Dr. Tom Miller, chief medical officer for hospitals and clinics for University of Utah Health, said that would mean moving away from testing people with symptoms to testing groups who might be carriers but asymptomatic.

“We now think that the spread of this illness is carried out by folks who have the illness or have the disease, have COVID, but don’t really have any symptoms. Then they go into places where people aren’t wearing masks and crowded situations and spread it,” he said Monday on KSL Newsradio’s “Live Mic.”

Newly developed “point-of-care” tests, which produce results in 10 to 15 minutes, could be administered regularly in public schools and universities, Miller said. How quickly the state could change its testing approach depends on the ability to obtain an adequate supply of the rapid tests to administer week after week, he said.

State health officials want to focus testing, both in frequency and quantity, on Utahns between the ages of 15 and 35, said Tom Hudachko, health department spokesman.

Universities would be places to do that because that’s where young adults not only congregate but where the virus can be spread.

Public universities in the state are holding a combination of in-person and virtual classes. Some, including the University of Utah and Utah State University, will go to online-only classes after the Thanksgiving break for the remainder of the semester.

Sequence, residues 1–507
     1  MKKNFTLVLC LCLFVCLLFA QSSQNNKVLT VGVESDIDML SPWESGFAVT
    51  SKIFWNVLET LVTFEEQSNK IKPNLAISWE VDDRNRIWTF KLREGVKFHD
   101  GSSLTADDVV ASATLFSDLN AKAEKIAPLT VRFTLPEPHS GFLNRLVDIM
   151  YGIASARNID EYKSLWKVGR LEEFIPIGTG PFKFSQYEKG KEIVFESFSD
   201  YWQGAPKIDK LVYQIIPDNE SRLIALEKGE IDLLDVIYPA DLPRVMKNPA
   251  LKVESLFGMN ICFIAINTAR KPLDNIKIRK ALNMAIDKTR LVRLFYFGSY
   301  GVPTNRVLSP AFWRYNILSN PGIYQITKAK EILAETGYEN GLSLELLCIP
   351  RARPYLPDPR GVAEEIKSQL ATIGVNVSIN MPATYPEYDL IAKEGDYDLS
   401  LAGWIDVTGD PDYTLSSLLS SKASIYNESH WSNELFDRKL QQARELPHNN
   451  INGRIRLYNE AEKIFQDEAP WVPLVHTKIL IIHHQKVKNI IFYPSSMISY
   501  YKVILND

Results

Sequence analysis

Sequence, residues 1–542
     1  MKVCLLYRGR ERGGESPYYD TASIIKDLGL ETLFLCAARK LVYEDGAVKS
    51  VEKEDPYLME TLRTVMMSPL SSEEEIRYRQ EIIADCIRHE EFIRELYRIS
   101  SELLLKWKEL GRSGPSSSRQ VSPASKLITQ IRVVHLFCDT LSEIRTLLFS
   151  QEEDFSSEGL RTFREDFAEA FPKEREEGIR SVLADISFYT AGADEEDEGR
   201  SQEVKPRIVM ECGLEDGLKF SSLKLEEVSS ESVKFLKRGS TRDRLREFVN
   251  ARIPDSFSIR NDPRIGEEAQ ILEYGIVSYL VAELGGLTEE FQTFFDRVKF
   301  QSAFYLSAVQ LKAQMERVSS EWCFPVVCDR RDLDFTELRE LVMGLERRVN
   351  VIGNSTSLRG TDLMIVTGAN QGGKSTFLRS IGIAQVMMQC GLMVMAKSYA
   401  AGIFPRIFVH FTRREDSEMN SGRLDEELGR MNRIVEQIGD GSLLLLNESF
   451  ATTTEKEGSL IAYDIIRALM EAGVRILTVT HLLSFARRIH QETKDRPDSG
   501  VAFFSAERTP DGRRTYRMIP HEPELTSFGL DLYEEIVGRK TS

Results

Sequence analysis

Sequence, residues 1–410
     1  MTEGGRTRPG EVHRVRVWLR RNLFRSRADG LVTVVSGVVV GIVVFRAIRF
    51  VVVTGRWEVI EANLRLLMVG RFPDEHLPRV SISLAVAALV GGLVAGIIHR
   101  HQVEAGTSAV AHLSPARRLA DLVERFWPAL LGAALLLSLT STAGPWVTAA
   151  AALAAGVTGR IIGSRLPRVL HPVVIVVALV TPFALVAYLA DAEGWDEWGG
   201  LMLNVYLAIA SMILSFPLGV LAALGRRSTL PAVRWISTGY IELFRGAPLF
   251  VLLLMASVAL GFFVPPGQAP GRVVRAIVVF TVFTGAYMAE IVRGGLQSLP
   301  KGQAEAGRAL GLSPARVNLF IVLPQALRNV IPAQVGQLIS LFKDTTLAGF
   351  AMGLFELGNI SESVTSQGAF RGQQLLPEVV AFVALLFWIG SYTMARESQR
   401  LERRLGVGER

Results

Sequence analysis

People ages 15-24 account for 26% of COVID-19 cases in the state, while those age 25-44 make up 36% of cases, according to the health department.

Birx and Redfield also stressed the importance of face coverings, and asked state officials to enforce and advertise mask-wearing requirements. Miller said it would take 95% of the population to wear masks at school, church, family gathering and other indoor events to bring infection rates down.

“Masks are the medicine that we have right now,” Miller said. “If people will wear those masks until we get through this, they can take them off and throw them away.”

Thousands of young people who partied outside in Utah County on a balmy Halloween night — largely without masks — and who might be virus carriers will be looking for fun inside as the air chills and storms roll in.

Deputies responded to a large party on the west side of Utah Lake, south of Saratoga Springs near the Knolls about 10 p.m. Saturday. Utah County Sheriff’s Sgt. Spencer Cannon said “several thousand” people were in attendance, with the estimates from those who were there ranging from 2,000 to 10,000 people.

Cellphone videos of the event posted on social media show people, who appear to be high school or college age, packed together in a large group with no social distancing and very little mask wearing.

Both Gov. Gary Herbert and the Utah County Health Department on Sunday reacted to the party, again stressing that the social gatherings are still the main source of COVID-19 infections. Health officials encouraged those who attended the event to monitor themselves for symptoms and get tested if any of them show up.